Charles O'Brien, 38, was sentenced to more than two years after he pretended he was a qualified tradesman, before scamming four OAPs out of thousands of pounds.
The Irish dad-of-six wept in the dock at Kilmarnock Sheriff Court as his crimes against the couples were revealed.
As he was sent down, O'Brien shouted "There's no justice in Scotland".
The court heard O'Brien, who is originally from Ireland but now lives in Irvine, North Ayrshire, targeted a 76-year-old man and his 74-year-old wife on February 16 this year.
O'Brien visited the couple's Whin Hill Road home in Ayr, South Ayrshire, and told the trusting pair that their house needed a new roof and that an exterior wall needed to be rough cast.
The rogue tradesman then told the couple he was a qualified roofer and roughcaster and would need £15,780 cash upfront to buy materials.
The unsuspecting couple handed the cash over believing that the work would be carried out.
However, the court heard that not only was O'Brien not qualified to carry out the work, but the roof and wall did not even need repaired and O'Brien never purchased the materials.
The court was told that O'Brien even had the gall to demand a further £4,800 from the couple, which they did not pay him.
Just weeks after the first scam, O'Brien found another trusting elderly couple in Main Street, Drybridge, North Ayrshire, and tried to dupe them out of £18,000 to replace guttering and felting on dormer windows.
The scammer told the 79-year-old man and 80-year-old woman he would need an advance of £2,000 for materials then went back and demanded a further £5,000 from them before they refused to pay him the total lump sum.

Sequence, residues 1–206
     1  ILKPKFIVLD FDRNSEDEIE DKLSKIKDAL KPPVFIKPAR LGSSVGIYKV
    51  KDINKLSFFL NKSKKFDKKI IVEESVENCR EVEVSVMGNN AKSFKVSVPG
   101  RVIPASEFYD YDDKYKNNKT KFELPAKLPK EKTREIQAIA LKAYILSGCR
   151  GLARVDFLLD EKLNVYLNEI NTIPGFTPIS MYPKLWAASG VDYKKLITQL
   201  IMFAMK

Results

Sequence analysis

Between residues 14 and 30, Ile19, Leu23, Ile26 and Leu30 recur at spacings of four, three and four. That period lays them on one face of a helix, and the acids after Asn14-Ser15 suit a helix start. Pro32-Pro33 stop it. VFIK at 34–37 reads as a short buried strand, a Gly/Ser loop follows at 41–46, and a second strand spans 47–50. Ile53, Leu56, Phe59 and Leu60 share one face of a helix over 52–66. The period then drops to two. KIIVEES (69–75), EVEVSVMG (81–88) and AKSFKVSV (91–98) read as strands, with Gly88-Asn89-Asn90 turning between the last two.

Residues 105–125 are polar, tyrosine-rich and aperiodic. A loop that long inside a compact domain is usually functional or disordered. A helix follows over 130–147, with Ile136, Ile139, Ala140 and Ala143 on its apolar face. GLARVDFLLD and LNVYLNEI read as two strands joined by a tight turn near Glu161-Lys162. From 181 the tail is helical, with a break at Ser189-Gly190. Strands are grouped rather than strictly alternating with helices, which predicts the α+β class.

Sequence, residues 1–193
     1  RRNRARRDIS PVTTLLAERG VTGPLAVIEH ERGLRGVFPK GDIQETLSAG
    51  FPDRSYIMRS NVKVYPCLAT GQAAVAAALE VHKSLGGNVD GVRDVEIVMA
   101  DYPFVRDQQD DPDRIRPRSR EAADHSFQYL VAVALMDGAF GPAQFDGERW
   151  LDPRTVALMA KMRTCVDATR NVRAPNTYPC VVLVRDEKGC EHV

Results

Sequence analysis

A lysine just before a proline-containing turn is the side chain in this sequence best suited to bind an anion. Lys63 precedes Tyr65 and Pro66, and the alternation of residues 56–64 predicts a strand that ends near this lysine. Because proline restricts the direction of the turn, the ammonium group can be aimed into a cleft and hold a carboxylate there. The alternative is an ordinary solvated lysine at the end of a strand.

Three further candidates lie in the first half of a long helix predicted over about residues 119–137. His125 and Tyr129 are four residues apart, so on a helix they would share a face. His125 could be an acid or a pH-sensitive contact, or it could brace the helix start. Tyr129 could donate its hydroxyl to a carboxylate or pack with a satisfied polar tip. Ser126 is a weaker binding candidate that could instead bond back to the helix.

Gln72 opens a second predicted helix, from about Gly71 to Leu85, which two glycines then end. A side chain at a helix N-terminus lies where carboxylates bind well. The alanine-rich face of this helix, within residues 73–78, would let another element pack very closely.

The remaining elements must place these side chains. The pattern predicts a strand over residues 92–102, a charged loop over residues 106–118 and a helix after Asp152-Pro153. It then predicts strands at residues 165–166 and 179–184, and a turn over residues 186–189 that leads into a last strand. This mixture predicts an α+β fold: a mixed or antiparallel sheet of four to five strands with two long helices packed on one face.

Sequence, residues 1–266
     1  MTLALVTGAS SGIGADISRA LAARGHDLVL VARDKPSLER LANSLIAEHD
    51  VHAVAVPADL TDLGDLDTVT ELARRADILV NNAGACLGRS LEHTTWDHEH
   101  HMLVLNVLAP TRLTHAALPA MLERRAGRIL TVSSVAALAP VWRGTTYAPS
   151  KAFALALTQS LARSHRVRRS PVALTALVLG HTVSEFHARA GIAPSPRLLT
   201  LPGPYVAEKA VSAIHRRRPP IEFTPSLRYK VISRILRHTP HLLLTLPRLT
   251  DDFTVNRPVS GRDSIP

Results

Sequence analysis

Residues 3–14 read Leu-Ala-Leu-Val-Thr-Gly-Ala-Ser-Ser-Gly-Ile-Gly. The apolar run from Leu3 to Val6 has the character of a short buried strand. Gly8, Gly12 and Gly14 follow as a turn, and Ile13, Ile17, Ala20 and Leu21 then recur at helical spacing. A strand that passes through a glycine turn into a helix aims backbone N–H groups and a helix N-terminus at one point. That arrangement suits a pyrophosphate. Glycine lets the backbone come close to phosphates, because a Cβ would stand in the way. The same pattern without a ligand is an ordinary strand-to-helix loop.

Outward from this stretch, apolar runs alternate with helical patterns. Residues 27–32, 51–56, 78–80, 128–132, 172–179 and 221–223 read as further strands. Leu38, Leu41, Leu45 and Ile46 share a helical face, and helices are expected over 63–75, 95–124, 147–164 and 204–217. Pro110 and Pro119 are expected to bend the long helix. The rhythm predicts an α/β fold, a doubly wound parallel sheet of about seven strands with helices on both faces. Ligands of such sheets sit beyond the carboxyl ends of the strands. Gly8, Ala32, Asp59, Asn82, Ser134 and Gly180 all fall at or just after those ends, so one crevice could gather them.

O'Brien's solicitor pleaded with Sheriff Alistair Watson to spare his client jail for the sake of his family and six children - one of whom, he said, had "learning and physical difficulties".
The defence brief said: "His position remains that he is gravely sorry and remorseful for his conduct.
"He feels sorry for the impact that it has had on his victims and his own family.
"He is someone who, through his community has developed a number of skills in labouring and construction and monoblocking.
"It's a skewed view of the reality of his qualifications."
But Sheriff Watson told O'Brien, who appeared in court for his first scam before committing the second, he could see through his tears.
He said: "Given the nature of the offences and the sums of money concerned, the only appropriate sentence is a custodial sentence.
"This was a course of criminal conduct directed towards elderly people.
"You selected victims who were elderly and who were fooled by you and you stole their life savings.
"Crying does not impress me at all.
"You are feeling sorry for yourself when what you should have been doing is thinking about those unfortunate people who have lost money.
"The effect on your victims is likely to have been highly significant.
"You persisted in this criminal behaviour and you appeared in court for the first matter and went on to commit the next crime in a matter of days."
O'Brien was sentenced to 28 months in prison.
As he was led away in handcuffs he shouted, "There's no justice in Scotland."
Sergeant Jamie Dunlop from Police Scotland said: "Bogus callers and rogue tradesmen are professional liars who regularly prey on the elderly and they can be extremely convincing when they come to the door offering their services.
"We would advise that if someone approaches you claiming to be a tradesman - ask for their identification, and if you are still unsure, call the company to verify that they work for them."